Mr. Gutman is expected to deliver testimony on Tuesday about street safety before the New York City Council.
Mr. de Blasio has faced growing pressure from transit advocates to put in more busways after the success of the 14th Street busway in Manhattan, which all but banned cars in 2019 from a major crosstown route that had once been jammed with 21,000 vehicles a day. Since then, the busway has increased bus speeds and ridership.
Besides Fifth Avenue, Mr. de Blasio announced four other busways: one in northern Manhattan, two in Queens and one in Brooklyn. Three have been completed and a fourth, in Queens, is opening this week.
The Fifth Avenue busway, proposed for a 1.1-mile stretch, would have been the longest of the five.
Its fate is likely to be up to Eric Adams, the Democratic nominee and Brooklyn borough president, who is the heavy favorite to win the election. Mr. Adams has said he would add 150 miles of new bus lanes and busways in four years.
But a spokesman for Mr. Adams declined to comment on his intentions for the Fifth Avenue busway.
The plan Mr. de Blasio is delaying is a more car-friendly version of his original proposal.
The city had wanted to bar most vehicles, except for buses, bicycles and emergency vehicles, from driving continuously along Fifth Avenue, between 34th and 57th Streets.
If other drivers wanted to access the avenue, they would have had to do so from a side street, provided they turned off the avenue at the next opportunity.
This summer, following pressure from retailers, the city provided a new plan that allowed greater car access and truncated the busway by 11 blocks. Rather than require all personal vehicles to exit the busway onto the nearest side street, the proposal allowed cars to travel longer distances on Fifth Avenue before having to turn off.
Fifth Avenue currently has two bus lanes, no bike lane and three lanes for cars.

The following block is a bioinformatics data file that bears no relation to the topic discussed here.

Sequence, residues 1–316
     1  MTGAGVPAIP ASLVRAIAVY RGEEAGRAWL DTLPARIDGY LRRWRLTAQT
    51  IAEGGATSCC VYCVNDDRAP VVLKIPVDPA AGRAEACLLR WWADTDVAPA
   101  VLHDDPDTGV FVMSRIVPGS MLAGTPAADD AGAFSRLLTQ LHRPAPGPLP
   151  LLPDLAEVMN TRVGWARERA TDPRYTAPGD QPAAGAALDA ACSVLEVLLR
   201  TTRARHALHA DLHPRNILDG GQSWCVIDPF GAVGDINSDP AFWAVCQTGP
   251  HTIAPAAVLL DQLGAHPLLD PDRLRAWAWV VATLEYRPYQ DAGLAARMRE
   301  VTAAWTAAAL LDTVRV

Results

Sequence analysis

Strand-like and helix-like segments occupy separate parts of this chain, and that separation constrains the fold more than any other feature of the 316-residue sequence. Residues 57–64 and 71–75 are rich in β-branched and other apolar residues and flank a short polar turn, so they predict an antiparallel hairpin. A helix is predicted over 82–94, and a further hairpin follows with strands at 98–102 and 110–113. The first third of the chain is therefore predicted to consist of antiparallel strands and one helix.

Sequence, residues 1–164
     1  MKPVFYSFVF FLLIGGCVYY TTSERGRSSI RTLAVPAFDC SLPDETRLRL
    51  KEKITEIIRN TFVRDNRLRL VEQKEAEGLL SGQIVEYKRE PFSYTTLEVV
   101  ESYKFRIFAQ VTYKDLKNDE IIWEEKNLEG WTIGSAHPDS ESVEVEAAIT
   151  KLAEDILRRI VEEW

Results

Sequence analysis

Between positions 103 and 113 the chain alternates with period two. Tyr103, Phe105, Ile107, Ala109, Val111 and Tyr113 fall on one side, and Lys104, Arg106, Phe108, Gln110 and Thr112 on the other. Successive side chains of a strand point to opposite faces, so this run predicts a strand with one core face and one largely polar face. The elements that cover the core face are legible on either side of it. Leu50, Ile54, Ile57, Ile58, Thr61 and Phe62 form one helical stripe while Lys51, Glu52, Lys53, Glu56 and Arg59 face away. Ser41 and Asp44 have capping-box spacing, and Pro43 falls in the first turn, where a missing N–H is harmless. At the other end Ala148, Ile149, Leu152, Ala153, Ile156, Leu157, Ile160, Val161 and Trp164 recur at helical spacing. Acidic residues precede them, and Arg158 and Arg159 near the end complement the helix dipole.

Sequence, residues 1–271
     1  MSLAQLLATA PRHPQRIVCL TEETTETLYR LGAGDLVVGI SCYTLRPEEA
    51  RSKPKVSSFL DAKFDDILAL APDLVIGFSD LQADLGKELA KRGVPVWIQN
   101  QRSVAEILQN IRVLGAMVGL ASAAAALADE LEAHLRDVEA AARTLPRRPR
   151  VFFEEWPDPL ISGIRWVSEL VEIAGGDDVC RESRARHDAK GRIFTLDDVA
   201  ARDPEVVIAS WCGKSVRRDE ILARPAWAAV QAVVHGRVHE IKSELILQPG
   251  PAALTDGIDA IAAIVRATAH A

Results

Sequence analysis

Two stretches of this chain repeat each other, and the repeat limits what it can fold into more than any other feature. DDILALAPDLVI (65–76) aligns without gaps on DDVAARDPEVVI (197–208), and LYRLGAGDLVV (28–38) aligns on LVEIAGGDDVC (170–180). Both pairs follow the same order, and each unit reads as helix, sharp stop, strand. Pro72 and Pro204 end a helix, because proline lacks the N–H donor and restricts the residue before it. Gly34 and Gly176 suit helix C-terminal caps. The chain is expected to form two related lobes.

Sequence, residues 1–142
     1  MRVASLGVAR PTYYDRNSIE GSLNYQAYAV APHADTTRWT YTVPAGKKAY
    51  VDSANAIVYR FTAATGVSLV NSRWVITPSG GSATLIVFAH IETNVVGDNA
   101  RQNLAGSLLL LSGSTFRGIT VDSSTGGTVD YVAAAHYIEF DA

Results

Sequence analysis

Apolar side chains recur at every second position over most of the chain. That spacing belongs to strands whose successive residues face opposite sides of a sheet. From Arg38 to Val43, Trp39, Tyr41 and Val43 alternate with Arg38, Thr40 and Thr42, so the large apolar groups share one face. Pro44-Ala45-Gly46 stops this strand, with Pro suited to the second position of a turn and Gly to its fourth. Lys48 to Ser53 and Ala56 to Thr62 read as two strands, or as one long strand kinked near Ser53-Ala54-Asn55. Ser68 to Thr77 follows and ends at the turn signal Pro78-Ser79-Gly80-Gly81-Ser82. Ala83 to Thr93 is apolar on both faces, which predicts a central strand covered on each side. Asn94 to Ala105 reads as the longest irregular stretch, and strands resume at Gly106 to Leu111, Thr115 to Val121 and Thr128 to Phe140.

In Vornado’s slide show presentation, which was obtained by The New York Times, the company argues that the city should continue to allow continuous car traffic down Fifth Avenue, but reduce the number of car lanes from three to one.
It calls for rerouting some buses off Fifth Avenue. Buses, it says, have transformed the avenue “from a street for the people to an express highway.”
The presentation cites concerns that the city’s plan would imperil retail stores and hotels that have yet to recover from the pandemic.
“Leave the current busway as is — two dedicated bus lanes only,” the slide show says. “Do not implement proposed new turn restrictions that will confuse and congest.”
The presentation’s arguments echo those of the Fifth Avenue Association, a real estate-backed organization that has been campaigning against the original plan and whose chairman is a Vornado executive who oversees retail leasing for the company.
Mr. Gutman has said that expanding the city’s network of bus lanes was a priority, and the agency completed more than 16 miles of bus lanes in 2020, which city officials said was a record for a single year. This year, they had pledged to install or improve another 28 miles of bus lanes and busways.
Danny Pearlstein, a spokesman for Riders Alliance, an advocacy group for transit riders, said he was frustrated by the stalled Fifth Avenue busway and said that business leaders view the avenue primarily as a “retail playground” rather than a vital transportation corridor.
“For a mayor who prizes equity, saving bus riders time should be at the top of his agenda,’’ Mr. Pearlstein said.
Bus ridership has rebounded to between 1.4 million and 1.5 million daily riders, which is about 65 percent of prepandemic levels, according to the M.T.A.
“With gridlock gripping the city,” Mr. Pearlstein said, “there are few things more important to our recovery than fast, frequent and reliable bus service.”